AFAIK the way bitcoin core uses ping is mainly to determine whether a node which you were connected to is still online and answering, so that it knows whether to keep the socket open or should it close it.

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February 24, 2018, 07:51:58 PM
 #4

Perhaps your OS is going into sleep mode automatically and is disabling network activity on the whole system.
I suggest you try running some other program (seeding a torrent maybe) and see if these same periods of inactivity appear.
Maybe you will be able to tweak this in settings of your OS.

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February 25, 2018, 12:43:32 PM
 #5

Thanks for the replies guys, and I'm starting to think that the problem is with the Windows firewall. Hence my move to Ubuntu.

I tend to use public WiFi, but it doen't look as if this is the problem.

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February 25, 2018, 06:02:23 PM
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Thanks for the replies guys, and I'm starting to think that the problem is with the Windows firewall. Hence my move to Ubuntu.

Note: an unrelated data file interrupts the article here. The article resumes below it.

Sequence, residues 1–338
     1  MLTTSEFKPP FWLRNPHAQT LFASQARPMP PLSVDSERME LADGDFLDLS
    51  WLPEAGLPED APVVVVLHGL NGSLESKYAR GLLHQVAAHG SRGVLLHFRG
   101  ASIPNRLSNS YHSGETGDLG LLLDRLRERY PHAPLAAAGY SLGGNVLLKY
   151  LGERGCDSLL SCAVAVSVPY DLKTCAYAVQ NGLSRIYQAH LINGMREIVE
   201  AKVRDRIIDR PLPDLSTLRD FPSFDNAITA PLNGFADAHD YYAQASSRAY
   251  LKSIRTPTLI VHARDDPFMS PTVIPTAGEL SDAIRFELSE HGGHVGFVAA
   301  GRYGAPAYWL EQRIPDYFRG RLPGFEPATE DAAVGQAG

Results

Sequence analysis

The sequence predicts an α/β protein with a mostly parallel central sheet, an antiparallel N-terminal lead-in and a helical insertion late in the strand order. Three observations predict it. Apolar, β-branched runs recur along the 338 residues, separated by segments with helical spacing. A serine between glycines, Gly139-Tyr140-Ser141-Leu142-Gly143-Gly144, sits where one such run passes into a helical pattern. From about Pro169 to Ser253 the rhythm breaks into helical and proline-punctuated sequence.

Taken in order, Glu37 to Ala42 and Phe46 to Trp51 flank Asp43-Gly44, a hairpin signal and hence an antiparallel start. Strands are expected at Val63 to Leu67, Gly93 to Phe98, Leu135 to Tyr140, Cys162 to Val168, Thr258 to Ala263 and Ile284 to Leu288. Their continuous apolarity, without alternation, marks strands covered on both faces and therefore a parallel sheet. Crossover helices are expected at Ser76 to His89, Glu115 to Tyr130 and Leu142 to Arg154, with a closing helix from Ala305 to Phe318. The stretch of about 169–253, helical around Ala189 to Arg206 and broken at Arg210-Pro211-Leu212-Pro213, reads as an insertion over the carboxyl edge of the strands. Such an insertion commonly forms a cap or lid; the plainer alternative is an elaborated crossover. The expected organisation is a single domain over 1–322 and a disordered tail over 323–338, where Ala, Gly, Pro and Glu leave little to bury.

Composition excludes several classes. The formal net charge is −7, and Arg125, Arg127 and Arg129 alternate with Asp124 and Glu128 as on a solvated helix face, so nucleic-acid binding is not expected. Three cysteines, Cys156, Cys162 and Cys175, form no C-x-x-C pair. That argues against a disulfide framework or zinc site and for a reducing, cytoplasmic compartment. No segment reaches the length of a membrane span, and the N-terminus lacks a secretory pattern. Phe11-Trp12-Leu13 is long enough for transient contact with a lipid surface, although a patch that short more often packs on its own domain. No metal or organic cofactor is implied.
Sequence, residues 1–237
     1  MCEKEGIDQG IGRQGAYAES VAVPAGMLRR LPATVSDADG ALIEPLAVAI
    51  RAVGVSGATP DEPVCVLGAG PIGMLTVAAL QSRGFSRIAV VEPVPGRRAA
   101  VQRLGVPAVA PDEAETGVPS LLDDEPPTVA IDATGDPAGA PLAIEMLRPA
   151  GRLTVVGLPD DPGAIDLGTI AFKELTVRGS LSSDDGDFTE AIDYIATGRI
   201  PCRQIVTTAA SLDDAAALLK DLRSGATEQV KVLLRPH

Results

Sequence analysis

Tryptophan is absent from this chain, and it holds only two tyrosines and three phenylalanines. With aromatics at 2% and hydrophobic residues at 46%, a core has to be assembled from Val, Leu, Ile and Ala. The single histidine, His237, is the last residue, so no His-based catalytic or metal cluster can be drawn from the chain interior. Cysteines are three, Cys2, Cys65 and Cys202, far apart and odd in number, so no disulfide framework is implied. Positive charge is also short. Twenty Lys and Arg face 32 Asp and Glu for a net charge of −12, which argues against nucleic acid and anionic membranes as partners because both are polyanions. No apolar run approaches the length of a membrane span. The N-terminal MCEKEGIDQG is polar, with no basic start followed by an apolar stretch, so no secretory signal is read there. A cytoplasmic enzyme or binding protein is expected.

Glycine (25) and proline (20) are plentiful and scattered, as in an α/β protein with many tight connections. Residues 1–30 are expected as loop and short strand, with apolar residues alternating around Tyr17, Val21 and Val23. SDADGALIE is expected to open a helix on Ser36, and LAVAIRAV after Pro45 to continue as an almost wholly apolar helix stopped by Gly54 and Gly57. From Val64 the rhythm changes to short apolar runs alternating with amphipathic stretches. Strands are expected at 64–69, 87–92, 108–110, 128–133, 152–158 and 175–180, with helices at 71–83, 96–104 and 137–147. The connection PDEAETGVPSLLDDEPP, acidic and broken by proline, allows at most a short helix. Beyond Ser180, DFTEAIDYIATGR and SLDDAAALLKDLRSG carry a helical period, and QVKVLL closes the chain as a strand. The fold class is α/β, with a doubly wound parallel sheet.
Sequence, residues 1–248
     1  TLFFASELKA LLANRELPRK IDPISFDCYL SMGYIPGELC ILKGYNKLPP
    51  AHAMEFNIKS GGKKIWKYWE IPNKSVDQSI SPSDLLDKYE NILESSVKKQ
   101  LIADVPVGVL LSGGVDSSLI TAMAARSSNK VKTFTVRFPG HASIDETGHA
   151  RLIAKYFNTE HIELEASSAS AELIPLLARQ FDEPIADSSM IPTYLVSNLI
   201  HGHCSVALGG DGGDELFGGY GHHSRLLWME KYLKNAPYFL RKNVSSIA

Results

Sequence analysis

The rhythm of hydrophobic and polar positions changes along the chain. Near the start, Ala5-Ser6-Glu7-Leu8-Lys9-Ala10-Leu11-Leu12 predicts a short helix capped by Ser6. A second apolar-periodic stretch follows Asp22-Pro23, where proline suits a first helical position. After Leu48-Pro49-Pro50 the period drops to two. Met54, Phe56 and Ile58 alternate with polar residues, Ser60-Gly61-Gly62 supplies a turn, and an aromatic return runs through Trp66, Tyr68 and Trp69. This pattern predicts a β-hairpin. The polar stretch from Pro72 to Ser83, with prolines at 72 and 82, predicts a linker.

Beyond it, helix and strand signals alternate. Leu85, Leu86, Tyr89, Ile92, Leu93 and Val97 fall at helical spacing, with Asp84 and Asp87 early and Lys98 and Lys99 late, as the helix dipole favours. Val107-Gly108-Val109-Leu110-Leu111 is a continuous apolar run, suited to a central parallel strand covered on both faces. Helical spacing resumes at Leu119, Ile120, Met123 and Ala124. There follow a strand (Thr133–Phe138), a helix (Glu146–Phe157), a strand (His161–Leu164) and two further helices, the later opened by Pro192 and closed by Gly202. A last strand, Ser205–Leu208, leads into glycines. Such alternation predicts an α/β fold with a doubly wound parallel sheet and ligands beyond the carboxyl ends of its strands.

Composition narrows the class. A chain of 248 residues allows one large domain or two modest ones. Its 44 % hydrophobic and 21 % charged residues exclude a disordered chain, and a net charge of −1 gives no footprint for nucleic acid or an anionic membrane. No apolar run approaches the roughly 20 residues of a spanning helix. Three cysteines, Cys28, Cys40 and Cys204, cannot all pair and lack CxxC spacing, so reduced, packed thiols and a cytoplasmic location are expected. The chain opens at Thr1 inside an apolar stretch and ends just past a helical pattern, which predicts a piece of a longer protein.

I tend to use public WiFi, but it doen't look as if this is the problem.

If you would like the original problem solving, what firewall was it? Can you make an exclusion for the app? The Microsoft original software shouldn't affect it too much. (And also to help other users with the same issues).

If not then using a different OS was a good solution in this case.

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February 27, 2018, 01:36:09 PM
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Thanks for the offer. I ought to look into the problem, but I've got som many issues with Windows, such as their forced upgrades, Cortana, and the like, and I don't like Bill Gates support for world eugenics, tht I probbly will move away from using it. I've got somuch running under Windows though, that it's a preety major project just to move. Moving Bitcoin core onto Ubuntu was pretty painless, and didn't involve much effort. The netbook ( Ubuntu ) is about half the physical size of the notebook, but that isn't really important when running core.

If I start to do some video editing, then I might buy a more powerful notebook machine, and I'll get rid of Windows before I start loading anything onto it.